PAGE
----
BOSTON – Despite “worrisome economic indicators,” Rhode Island’s economy is looking better now than during the four-year period between 2008 and 2012, according to the fall 2013 New England Economic Outlook report from the New England Economic Partnership.
The report, released Wednesday and written by Edward M. Mazze, distinguished university professor of business administration at the University of Rhode Island, and Edinaldo Tebaldi, assistant professor of economics at Bryant University, cited an improving labor market and accelerated economic growth among the signs that Rhode Island’s economy is continuing its slow recovery.
Nonfarm employment in Rhode Island was 468,300 in the third quarter of 2013, compared with 465,700 jobs during the same period in 2012 and 462,000 jobs in 2011, which suggests moderate improvement in the labor market. However, a recent study by Economic Modeling Specialists International found that all job growth in the state between 2010 and 2013 was in low-wage occupations paying $13.83 an hour or less.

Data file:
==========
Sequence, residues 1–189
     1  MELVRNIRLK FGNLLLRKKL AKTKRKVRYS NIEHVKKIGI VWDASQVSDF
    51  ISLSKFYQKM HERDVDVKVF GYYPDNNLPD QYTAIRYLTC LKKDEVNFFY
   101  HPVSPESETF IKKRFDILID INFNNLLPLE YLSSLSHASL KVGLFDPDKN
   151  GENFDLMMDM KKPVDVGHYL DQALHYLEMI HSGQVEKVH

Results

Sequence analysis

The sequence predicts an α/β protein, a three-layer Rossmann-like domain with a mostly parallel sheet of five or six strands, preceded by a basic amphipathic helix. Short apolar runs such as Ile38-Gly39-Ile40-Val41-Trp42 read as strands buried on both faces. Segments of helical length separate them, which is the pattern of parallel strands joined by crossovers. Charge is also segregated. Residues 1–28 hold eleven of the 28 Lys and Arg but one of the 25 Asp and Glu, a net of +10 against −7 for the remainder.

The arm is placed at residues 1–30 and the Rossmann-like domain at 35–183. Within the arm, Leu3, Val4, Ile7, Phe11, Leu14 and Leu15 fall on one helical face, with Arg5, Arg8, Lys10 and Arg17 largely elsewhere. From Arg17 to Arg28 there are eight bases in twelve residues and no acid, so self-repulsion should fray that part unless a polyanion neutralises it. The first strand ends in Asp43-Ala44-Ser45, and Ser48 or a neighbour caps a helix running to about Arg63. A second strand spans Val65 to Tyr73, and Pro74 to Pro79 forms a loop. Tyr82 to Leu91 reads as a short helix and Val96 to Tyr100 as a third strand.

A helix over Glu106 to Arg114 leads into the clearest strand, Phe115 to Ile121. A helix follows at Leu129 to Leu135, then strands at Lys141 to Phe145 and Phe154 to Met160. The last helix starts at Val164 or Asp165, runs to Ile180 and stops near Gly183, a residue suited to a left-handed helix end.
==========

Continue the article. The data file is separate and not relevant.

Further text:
The NEEP employment forecast for the state – projected at a 1.2 percent growth rate between 2012 and 2017 – trailed forecasts for New England (1.3 percent) and the U.S. (1.4 percent). The forecast indicated little or no growth in the state’s manufacturing, trade, transportation and utilities, information services and government employment sectors.
The Ocean State’s unemployment rate of roughly 9 percent remains the highest in New England. The NEEP report forecast an unemployment rate of 8.6 percent in 2014, 7.8 percent in 2015, 6.5 percent in 2016 and 6.1 percent in 2017, remarking that “modest job creation in outer years will cause the unemployment rate to stay above the national average until the end of the forecast horizon in 2017.”
Annual labor force growth is forecast at 0.3 percent between 2012 and 2017, compared with a negative annual growth rate of 0.5 percent between 2007 and 2012.
“Rhode Island’s economic challenge continues to be using the state’s assets and capabilities and the region’s strengths to attract and retain businesses and create jobs,” the report stated. “The state will need to grow significantly faster than the other New England states in job creation if the state wants to keep the graduates of its colleges and universities and lower its unemployment rate.”
An average of 5,900 people left Rhode Island between 2005 and 2010, many of them young adults holding college degrees who left the state to look elsewhere for better employment opportunities, the report said.